Illustration: John Ritter

Driving Digital Security

Whats at stake: Today's marketplace offers an ever-growing list of connected products—smartphones, smart TVs, smart refrigerators, even smart sneakers. Plus, we have millions of apps and other digital tools at our fingertips, and most of us are daily users of huge online platforms like Amazon and Google.

Smart technology delivers many conveniences but also raises serious questions about the safety of our personal information and the ways it's collected, shared, and exploited. Meanwhile, companies often fail to police themselves—and the federal government has not always kept pace with new technology.

How CR has your back: To tackle these problems, we've launched the CR Digital Lab, a new initiative that will expand our work on consumer privacy and digital security. Funded in part by a $6 million investment from Craig Newmark Philanthropies, the Digital Lab will build on CR's core strengths: product testing, investigative journalism, and advocacy. The aim is to develop new ways to test and report on digital products and services, from connected thermostats to cars that collect data on drivers to the websites of tech companies big and small.

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"Consumer Reports has a strong track record, from ensuring the security of seatbelts in cars to keeping toxins out of food," says Newmark, founder of Craigslist and a former CR board member. "This initiative will increase transparency, giving consumers more control, more options, and stronger voices."

A previous investment by Newmark helped CR lead the development of the Digital Standard, a set of benchmarks companies can use to design digital products that respect consumer privacy. In 2018, CR applied the Digital Standard to our television testing, discovering that certain smart TVs were vulnerable to hacking. Similar work is planned or underway with routers, password managers, and other devices and services.

"The Digital Lab will reveal precisely where our rights are being undermined," says CR president Marta Tellado. "Armed with that knowledge, consumers can make choices that protect their privacy and hold digital giants to account."

What you can do: Learn more about CR's work on Data Privacy here.

Fighting the Robocallers

What's at stake: Consumers are so fed up with robocalls that most have stopped answering their phones if they can't identify the caller in advance. Robocalls aren't just annoying, either. Truecaller estimates that consumers have lost almost $10.5 billion to phone scams over the previous 12 months.

How CR has your back: In April, CR hosted a roundtable session at the U.S. Capitol on ways that Congress could curb unwanted robocalls. The next month, the Senate approved, 97 to 1, the CR-endorsed Telephone Robocall Abuse Criminal Enforcement and Deterrence (TRACED) Act. It would enable the Federal Communications Commission to crack down on scammers and require phone companies to adopt technologies that verify caller ID data before the calls reach consumers. CR has been working with the House on taking similar action, and urging President Trump to support the effort. Meanwhile, the FCC established that phone companies may preemptively block robocalls as long as customers can opt out.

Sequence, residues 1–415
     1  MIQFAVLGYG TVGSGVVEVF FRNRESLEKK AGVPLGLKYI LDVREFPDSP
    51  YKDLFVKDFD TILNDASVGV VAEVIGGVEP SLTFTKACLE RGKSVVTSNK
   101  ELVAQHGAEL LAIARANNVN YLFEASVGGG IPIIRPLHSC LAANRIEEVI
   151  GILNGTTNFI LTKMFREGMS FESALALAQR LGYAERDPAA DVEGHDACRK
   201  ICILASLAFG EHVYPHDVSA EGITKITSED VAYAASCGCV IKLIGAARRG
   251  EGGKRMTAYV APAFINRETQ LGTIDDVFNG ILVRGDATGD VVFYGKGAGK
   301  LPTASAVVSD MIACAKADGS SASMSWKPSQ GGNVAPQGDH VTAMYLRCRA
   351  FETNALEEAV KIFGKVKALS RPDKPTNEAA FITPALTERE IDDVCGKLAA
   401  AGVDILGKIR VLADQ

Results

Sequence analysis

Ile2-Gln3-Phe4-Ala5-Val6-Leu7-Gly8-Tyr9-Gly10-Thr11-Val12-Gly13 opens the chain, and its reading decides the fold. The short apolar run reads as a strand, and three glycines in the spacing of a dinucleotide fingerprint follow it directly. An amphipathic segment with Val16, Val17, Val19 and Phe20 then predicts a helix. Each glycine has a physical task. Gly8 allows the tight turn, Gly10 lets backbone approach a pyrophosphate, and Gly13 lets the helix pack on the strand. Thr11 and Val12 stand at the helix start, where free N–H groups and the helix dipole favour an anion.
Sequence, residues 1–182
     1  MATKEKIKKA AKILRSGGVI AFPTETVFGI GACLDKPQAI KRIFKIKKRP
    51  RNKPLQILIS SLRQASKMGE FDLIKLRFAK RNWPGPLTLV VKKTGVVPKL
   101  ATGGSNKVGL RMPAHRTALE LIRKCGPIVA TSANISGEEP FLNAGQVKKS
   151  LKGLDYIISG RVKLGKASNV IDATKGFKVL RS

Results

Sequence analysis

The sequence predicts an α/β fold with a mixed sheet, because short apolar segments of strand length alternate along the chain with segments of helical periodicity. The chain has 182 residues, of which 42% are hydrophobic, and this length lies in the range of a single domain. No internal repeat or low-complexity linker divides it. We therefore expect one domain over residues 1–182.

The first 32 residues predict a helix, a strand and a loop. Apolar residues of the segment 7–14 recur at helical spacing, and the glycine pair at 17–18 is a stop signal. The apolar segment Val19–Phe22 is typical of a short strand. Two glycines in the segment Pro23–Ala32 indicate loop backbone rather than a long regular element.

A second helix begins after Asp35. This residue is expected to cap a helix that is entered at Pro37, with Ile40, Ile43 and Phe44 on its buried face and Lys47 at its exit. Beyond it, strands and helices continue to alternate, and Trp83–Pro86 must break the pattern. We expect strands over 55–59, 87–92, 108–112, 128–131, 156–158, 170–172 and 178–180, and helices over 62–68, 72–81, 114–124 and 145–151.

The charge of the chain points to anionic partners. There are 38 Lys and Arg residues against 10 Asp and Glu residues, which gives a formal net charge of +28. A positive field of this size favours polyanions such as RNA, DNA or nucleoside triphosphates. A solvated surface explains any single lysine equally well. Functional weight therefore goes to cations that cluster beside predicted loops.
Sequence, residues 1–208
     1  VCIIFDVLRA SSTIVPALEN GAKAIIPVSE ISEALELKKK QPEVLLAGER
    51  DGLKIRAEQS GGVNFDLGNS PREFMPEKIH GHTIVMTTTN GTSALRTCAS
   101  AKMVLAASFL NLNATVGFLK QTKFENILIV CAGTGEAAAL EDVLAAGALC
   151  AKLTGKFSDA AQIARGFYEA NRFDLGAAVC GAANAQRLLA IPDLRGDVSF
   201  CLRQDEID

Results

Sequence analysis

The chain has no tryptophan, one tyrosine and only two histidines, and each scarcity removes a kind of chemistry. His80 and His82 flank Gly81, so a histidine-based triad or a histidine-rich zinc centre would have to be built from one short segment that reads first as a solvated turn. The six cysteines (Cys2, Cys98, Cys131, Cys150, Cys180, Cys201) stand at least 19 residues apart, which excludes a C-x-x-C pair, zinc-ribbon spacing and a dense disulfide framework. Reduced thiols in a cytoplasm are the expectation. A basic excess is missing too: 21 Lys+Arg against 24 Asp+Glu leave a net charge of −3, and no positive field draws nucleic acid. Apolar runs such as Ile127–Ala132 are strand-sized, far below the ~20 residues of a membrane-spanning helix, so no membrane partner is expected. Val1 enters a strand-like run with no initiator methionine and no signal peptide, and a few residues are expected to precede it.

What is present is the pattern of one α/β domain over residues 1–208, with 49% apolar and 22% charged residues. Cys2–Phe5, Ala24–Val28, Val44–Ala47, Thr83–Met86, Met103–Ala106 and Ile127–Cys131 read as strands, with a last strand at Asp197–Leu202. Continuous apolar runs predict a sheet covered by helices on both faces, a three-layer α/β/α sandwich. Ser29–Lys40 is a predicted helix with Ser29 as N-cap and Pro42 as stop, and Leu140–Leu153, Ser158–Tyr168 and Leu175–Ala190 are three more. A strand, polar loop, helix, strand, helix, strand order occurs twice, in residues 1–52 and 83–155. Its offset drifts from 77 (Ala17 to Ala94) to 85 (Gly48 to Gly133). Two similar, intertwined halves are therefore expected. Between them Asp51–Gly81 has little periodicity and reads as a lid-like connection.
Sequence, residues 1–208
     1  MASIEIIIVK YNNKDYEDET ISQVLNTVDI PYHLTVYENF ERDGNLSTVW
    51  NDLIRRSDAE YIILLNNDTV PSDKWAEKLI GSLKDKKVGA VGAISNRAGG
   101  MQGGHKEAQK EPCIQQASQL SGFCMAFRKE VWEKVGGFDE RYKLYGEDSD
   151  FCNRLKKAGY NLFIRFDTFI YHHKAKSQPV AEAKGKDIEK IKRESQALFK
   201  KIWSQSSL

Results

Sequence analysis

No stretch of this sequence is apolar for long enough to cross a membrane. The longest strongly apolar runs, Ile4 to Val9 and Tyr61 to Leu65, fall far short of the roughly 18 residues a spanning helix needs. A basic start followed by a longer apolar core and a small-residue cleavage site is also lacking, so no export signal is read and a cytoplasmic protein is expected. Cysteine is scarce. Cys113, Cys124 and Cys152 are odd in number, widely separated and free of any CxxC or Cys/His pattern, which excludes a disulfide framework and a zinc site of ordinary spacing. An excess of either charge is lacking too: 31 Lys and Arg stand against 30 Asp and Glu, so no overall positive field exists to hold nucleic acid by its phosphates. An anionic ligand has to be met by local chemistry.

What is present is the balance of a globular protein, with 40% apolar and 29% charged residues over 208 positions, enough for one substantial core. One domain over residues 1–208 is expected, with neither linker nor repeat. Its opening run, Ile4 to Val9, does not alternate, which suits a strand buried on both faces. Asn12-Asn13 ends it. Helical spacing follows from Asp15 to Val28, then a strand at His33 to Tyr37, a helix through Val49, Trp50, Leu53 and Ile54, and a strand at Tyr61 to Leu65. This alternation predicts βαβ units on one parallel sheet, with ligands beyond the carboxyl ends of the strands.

What you can do: Go to CR's online petition (robocallspetition.cr.org) to join the more than 215,000 consumers urging the FCC to ensure carriers adopt effective, free anti-robocall technologies.

Pushing for Safer Furniture

What's at stake: A TV, appliance, or piece of furniture tips over and kills a child in the U.S. once every two weeks, on average. Dressers are particularly deadly. Yet both the furniture industry and the federal government have been slow to take steps that could address the problem.

Two recent events, however, are likely to make these tragedies less common. One is the passage by the New York State legislature of Harper's Law, named after 3-year-old Harper Fried of Monroe, N.Y., who died from a furniture tip-over incident. (We expect Governor Andrew Cuomo to sign it into law.) In addition, following a May meeting of the ASTM Furniture Safety subcommittee—on which CR sits, along with parents, industry representatives, and other safety advocates—the group is now willing to extend a key voluntary standard to dressers as short as 27 inches.

How CR has your back: CR worked with New York legislators and the Fried family to ensure that Harper's Law would restrict sales of dressers that fail to meet baseline stability standards, while CR's New York members sent 2,600 messages of support to their state lawmakers. CR also spent months urging the industry to strengthen its voluntary standard, in particular by expanding its scope to dressers 27 inches and taller—a recommendation based on the findings of a CR tip-over investigation published in the May 2018 issue of the magazine.

What you can do: Learn more about furniture tip-overs in "Furniture Tip-Overs: A Hidden Hazard in Your Home."

Editor’s Note: This article also appeared in the September 2019 issue of Consumer Reports magazine.